About halfway through the film, one of the characters is summoned into the presence of the main Celestial, a big shiny shouty thing made entirely of space plankton, who delivers an unmotivated lecture that reveals that everything the characters thought about themselves and their mission is completely backwards. This plot twist is delivered by helicopter, with no involvement from the main characters. They don’t find any clues, and they don’t discuss any evidence. Nobody has an insight, or makes a decision. They just have little dinner parties until it’s time for the big reveal to unveil itself.
There’s also a murder mystery in the film, which is kept pretty low in the mix; they don’t spend any time thinking about it, beyond their initial snap assessment. They don’t even know it’s a mystery. The plotline just solves itself after a while, with the murderer suddenly volunteering all the relevant data because they need a plot point at the end of act two.
So ultimately, the movie feels empty. It’s just rich people from space who drift through history, taking credit for everything. They don’t really seem to care about humans at all; humanity is just the MacGuffin that they’re squabbling over.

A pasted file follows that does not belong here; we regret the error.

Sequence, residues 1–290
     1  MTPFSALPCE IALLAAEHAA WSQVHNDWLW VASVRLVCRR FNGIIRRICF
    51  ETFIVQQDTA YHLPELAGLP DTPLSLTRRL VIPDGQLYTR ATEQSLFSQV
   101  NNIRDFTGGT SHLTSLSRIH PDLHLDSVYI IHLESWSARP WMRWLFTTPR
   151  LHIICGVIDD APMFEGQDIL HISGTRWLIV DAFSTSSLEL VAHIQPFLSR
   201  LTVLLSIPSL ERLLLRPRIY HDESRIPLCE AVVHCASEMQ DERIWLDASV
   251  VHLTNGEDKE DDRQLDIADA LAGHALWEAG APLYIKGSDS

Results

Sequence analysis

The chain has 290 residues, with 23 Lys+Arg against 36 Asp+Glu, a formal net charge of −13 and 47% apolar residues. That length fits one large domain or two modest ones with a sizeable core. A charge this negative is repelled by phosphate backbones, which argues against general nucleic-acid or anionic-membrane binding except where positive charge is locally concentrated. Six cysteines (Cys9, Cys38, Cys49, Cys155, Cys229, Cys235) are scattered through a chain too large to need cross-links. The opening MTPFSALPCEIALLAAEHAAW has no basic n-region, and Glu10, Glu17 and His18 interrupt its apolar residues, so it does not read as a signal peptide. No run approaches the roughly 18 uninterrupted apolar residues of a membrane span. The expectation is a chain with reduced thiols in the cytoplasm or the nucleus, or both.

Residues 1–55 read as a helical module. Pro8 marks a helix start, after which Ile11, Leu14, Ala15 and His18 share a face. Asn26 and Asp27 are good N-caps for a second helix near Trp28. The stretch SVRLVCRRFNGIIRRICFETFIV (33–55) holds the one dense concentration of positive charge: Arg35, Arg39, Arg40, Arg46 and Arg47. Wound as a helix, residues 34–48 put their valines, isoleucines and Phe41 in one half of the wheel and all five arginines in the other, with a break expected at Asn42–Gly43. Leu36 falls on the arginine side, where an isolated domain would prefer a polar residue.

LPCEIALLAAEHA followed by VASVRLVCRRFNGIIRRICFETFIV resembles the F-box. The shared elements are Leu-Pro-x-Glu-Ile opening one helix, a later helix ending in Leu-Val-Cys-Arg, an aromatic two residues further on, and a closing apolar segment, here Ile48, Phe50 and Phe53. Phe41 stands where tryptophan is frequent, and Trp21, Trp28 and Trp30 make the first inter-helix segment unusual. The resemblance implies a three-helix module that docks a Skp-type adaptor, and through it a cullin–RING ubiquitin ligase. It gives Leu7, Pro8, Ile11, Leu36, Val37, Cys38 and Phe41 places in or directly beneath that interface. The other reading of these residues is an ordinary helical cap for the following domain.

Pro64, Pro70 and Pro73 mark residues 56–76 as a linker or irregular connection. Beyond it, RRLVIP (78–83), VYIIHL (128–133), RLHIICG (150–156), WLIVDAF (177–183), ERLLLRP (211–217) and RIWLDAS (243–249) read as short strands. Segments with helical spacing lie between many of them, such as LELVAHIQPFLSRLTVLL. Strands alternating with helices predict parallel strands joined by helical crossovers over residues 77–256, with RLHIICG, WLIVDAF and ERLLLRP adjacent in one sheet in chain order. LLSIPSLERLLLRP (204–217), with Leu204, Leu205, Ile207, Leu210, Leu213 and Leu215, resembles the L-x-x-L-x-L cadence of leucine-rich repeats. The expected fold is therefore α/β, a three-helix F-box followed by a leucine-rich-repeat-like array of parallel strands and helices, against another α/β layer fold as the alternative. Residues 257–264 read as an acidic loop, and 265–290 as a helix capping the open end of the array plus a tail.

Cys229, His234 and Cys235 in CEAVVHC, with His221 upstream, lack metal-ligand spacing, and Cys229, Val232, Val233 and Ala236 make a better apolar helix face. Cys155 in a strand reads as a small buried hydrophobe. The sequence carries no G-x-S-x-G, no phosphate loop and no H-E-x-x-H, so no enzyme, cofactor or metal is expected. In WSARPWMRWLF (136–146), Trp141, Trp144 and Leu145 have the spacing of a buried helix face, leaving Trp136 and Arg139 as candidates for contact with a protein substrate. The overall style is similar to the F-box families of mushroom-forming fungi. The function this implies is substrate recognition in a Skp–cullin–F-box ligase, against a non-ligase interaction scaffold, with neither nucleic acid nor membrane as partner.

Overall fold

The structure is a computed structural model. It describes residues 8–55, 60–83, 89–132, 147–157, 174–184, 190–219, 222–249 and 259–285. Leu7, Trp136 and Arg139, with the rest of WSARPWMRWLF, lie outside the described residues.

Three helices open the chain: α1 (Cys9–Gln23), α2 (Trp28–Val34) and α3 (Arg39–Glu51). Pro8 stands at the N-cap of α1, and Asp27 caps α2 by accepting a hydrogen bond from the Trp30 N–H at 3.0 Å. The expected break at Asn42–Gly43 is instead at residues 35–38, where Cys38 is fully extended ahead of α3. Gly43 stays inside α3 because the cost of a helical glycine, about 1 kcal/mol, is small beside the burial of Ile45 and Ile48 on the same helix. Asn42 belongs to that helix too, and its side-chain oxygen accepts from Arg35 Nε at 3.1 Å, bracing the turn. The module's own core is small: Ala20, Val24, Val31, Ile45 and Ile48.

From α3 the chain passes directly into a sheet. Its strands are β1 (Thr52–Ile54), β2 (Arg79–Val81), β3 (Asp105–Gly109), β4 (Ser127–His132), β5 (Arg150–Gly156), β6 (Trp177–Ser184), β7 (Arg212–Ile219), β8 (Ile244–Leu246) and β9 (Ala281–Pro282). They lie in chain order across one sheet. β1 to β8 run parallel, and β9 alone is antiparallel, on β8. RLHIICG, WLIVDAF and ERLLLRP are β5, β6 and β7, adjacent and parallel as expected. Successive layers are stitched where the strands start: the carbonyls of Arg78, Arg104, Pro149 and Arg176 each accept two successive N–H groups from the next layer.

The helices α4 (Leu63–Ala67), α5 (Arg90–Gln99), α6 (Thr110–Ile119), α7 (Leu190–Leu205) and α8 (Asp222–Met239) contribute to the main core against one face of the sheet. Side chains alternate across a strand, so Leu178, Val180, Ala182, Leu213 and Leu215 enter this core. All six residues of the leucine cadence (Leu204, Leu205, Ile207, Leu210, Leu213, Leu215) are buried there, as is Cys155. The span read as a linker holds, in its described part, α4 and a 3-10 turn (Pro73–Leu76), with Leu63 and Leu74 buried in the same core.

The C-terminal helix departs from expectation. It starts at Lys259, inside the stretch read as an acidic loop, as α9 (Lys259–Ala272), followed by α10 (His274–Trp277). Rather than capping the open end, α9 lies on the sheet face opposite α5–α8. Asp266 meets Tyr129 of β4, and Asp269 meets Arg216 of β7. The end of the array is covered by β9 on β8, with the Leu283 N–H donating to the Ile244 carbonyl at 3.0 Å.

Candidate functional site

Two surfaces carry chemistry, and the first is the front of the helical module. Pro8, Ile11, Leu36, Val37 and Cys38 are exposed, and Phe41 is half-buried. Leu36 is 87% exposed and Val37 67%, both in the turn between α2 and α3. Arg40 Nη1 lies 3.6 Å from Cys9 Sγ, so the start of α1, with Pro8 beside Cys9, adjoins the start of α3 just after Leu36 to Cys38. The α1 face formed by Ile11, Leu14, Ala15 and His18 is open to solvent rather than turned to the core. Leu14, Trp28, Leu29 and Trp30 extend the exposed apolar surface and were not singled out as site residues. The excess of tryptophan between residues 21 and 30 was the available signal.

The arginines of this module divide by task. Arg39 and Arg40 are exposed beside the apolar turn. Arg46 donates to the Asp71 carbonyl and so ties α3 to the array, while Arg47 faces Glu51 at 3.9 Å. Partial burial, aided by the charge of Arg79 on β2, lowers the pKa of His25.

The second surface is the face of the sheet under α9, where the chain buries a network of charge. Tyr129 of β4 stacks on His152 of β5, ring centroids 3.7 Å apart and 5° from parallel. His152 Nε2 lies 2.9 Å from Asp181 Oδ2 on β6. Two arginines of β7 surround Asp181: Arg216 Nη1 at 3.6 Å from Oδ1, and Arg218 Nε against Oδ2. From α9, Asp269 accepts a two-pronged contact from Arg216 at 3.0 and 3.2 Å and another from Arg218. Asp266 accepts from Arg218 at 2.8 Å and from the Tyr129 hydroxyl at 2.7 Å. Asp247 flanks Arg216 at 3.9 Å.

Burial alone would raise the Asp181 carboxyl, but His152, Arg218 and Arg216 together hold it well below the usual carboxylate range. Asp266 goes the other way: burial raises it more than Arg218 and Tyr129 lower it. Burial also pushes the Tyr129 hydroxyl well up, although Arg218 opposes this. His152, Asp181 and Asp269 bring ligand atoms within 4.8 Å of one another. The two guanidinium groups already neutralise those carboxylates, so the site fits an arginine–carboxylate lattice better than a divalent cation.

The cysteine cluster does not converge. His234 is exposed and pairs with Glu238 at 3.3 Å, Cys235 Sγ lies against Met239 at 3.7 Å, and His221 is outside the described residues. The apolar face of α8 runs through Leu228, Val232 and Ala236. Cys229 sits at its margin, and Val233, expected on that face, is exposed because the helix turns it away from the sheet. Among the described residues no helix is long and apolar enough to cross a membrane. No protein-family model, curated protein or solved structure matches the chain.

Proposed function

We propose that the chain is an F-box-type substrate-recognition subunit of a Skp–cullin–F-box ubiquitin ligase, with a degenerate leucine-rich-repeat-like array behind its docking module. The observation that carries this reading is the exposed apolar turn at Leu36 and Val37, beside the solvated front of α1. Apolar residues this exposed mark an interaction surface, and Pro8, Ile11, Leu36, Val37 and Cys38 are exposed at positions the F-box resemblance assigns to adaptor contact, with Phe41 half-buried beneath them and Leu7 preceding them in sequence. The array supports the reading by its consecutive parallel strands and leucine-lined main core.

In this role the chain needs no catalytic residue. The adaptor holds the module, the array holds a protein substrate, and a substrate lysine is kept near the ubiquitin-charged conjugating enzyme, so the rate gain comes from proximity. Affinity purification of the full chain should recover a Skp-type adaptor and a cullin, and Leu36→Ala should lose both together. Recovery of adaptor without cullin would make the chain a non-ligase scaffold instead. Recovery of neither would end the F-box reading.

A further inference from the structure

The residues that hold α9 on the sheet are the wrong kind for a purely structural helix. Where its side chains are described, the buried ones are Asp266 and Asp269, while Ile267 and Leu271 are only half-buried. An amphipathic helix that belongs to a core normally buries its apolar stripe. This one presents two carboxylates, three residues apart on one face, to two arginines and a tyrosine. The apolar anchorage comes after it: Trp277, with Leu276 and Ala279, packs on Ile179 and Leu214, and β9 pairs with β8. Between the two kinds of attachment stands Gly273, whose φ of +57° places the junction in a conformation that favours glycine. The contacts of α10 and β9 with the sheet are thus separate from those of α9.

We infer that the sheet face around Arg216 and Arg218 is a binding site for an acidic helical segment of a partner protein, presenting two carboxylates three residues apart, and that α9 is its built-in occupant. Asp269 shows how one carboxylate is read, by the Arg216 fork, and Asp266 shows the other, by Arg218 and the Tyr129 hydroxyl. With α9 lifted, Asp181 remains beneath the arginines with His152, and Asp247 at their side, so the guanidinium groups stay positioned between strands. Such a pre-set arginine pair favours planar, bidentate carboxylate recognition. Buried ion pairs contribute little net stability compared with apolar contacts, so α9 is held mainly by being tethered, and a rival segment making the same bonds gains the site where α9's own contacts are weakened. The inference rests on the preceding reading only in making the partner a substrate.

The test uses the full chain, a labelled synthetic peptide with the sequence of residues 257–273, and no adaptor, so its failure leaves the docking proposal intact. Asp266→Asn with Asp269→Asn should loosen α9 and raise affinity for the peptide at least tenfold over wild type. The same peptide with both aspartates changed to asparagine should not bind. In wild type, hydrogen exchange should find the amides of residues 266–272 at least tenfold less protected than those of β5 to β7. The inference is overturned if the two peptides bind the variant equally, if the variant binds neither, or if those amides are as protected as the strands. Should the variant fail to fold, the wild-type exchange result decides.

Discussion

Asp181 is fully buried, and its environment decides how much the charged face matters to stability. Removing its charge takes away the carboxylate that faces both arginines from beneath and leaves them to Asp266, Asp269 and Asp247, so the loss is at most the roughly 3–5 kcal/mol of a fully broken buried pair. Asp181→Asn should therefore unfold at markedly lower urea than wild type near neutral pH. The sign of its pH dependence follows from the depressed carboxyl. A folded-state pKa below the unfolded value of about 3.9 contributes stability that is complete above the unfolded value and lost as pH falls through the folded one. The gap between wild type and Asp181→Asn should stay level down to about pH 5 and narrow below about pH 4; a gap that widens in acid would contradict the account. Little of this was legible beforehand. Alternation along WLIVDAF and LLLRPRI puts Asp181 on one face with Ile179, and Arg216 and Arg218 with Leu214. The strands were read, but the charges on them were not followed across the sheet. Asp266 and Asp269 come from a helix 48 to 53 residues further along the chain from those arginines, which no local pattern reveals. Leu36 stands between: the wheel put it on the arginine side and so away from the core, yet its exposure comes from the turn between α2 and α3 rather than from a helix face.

Coming up in Superman: The Movie, the god-alien is going to help a little girl get her cat down from a tree, and he does it because, in that moment, he really cares. Superman catches missiles and redirects mighty rivers, but when he happens to find a cat in trouble, he takes a minute to help. He actively engages with the humans around him, not as an undifferentiated cultural mass, but as individual people who deserve respect and attention.
But the placement of your cats is entirely up to you, as far as the Eternals are concerned. That issue falls squarely into the category of your problem.
How Gene Hackman lost his mustache,
and kept his hair
1.46: Criminal Minds
— Danny Horn